Calibrating Your Monitor

Colour calibration

Colour calibration

Have you calibrated your monitor lately?

You’ve spent hours tweaking the color of your photos to coordinate beautifully with your logo before sending brochure files off to the printer. Your print job is delivered, and the color is all wrong. What happened? Most people don’t realize that computer monitors do not come from the factory with precisely calibrated color displays. Monitors are sold at every price point, and even high quality monitors need to be calibrated from time to time.

The best way to ensure that you are seeing colors correctly on your computer monitor is to purchase a calibrating device that will measure your monitor’s output and guide you through the adjustment process. If you are looking for a less expensive solution, there are a number of web-based tools that will help you make these adjustments by eye. C|Net has a helpful tutorial here: Learn how to tweak your desktop or laptop display using free test patterns or the built-in utility in Windows or Mac OS X

“I’ve done all this, and colors are still not being printed the way I’m seeing them on my monitor.” Many of today’s designers don’t realize that ink colors are formulated differently than colors displayed on a monitor, and that print files must be designed with that in mind in order to reproduce the colors shown on screen.

Monitors display light, mixing RGB (red, green, and blue) pixels to create thousands of color variations throughout the visible spectrum. Inks are made up of pigments, either premixed using PMS (Pantone Matching System) formulas or created on press using 4CP (4 color process) that mixes CMYK (cyan, magenta, yellow and black) inks to achieve the target colors. The most common reason that printed color does not match the designer’s expectations is that print files were set up using RGB values, rather than PMS or CMYK values.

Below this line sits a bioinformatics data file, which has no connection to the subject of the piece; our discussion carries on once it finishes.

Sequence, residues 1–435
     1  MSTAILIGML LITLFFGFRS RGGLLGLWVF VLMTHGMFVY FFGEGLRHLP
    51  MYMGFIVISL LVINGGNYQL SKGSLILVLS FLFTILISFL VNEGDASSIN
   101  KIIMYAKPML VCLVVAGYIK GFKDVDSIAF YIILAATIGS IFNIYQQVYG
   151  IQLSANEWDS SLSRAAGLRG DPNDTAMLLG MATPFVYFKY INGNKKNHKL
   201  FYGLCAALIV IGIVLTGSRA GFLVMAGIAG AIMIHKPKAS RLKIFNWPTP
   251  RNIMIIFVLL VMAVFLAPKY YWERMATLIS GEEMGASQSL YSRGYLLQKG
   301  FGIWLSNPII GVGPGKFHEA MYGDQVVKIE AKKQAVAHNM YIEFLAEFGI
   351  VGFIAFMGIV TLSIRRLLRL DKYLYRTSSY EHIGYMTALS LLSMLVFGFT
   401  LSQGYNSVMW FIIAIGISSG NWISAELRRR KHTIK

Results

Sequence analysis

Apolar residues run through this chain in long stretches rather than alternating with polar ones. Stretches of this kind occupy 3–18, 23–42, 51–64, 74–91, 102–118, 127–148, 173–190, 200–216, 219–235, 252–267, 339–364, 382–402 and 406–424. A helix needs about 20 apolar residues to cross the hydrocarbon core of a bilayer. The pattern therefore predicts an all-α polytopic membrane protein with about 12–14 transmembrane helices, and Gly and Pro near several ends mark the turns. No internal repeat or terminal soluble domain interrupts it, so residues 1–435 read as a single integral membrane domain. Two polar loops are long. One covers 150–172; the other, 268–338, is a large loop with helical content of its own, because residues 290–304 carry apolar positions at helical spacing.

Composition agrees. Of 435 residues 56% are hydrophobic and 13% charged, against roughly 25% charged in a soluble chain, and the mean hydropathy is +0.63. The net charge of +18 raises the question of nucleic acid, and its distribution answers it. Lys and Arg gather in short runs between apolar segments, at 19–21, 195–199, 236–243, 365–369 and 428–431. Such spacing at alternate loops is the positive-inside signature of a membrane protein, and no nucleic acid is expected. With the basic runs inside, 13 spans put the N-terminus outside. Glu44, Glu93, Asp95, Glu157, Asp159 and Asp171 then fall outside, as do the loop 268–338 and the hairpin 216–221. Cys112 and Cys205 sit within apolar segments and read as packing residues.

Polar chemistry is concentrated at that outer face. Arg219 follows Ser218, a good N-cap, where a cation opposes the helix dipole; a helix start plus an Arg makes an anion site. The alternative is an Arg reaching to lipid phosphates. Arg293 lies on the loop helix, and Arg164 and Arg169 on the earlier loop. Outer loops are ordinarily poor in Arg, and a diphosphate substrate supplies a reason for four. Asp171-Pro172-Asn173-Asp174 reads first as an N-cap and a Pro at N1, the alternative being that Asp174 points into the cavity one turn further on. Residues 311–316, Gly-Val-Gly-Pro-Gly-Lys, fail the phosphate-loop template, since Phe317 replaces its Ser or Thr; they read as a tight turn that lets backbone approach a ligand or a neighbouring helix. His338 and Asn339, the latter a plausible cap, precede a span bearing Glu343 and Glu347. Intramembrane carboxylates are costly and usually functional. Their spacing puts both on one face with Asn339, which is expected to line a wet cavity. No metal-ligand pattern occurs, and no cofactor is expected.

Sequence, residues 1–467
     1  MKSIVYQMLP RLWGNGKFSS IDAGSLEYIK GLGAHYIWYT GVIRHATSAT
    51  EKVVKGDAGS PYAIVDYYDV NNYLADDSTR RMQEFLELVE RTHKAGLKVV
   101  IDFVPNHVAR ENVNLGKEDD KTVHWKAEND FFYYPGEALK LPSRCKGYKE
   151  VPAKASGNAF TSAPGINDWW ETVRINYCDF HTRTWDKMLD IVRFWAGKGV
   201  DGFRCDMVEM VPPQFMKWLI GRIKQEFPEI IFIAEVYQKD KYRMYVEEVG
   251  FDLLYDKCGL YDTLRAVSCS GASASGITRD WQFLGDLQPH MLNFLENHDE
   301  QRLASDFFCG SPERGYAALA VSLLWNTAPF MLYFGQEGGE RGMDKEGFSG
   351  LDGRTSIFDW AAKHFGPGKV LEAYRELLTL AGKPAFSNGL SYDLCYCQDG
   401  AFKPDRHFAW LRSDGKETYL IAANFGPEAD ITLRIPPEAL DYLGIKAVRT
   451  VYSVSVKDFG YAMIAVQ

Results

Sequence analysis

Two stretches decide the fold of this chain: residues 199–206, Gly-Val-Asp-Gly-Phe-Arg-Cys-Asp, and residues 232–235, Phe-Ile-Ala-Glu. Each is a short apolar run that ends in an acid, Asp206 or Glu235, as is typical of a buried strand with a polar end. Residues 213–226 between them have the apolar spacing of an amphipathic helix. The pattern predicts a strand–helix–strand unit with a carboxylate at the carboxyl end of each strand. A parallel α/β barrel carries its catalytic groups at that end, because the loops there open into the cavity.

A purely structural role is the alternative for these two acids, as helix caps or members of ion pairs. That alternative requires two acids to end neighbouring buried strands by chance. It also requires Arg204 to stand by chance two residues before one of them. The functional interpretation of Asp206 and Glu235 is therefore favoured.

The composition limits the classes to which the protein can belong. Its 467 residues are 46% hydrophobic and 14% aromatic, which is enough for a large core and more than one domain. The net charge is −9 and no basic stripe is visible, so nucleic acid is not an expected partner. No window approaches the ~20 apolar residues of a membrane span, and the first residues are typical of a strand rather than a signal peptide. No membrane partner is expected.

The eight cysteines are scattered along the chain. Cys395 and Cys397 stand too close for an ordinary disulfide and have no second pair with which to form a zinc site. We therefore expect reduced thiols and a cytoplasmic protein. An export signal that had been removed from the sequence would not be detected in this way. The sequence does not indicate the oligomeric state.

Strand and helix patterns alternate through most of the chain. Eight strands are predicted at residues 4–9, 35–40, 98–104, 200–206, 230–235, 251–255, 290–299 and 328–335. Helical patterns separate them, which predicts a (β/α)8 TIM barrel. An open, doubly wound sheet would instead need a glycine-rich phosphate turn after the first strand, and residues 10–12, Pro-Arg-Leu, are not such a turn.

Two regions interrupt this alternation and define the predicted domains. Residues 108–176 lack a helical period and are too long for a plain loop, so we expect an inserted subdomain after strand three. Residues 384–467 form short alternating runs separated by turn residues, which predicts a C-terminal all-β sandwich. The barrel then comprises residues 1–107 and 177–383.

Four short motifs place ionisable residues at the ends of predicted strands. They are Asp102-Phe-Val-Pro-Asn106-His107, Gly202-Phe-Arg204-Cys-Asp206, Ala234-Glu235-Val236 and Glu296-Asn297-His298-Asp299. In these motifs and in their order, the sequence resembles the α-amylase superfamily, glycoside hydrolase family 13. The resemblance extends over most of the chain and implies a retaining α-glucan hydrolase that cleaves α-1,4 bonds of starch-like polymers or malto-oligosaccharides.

Lastly, there are different color formulas for different types of paper. Uncoated paper absorbs ink differently than gloss or matte coated paper, and the same color formula can look quite different when printed on different papers. If you are often designing printed items that require critical color accuracy, you may want to invest in a color chip library for reference. Printed color sample books are available from Pantone (click for PMS and process color chip books).

For more information about color calibration, check out this video.

Contact us at if you have specific color questions about your job. Whether you need business cards, doorhangers, brochures or wedding invitations, we are here to help you look good!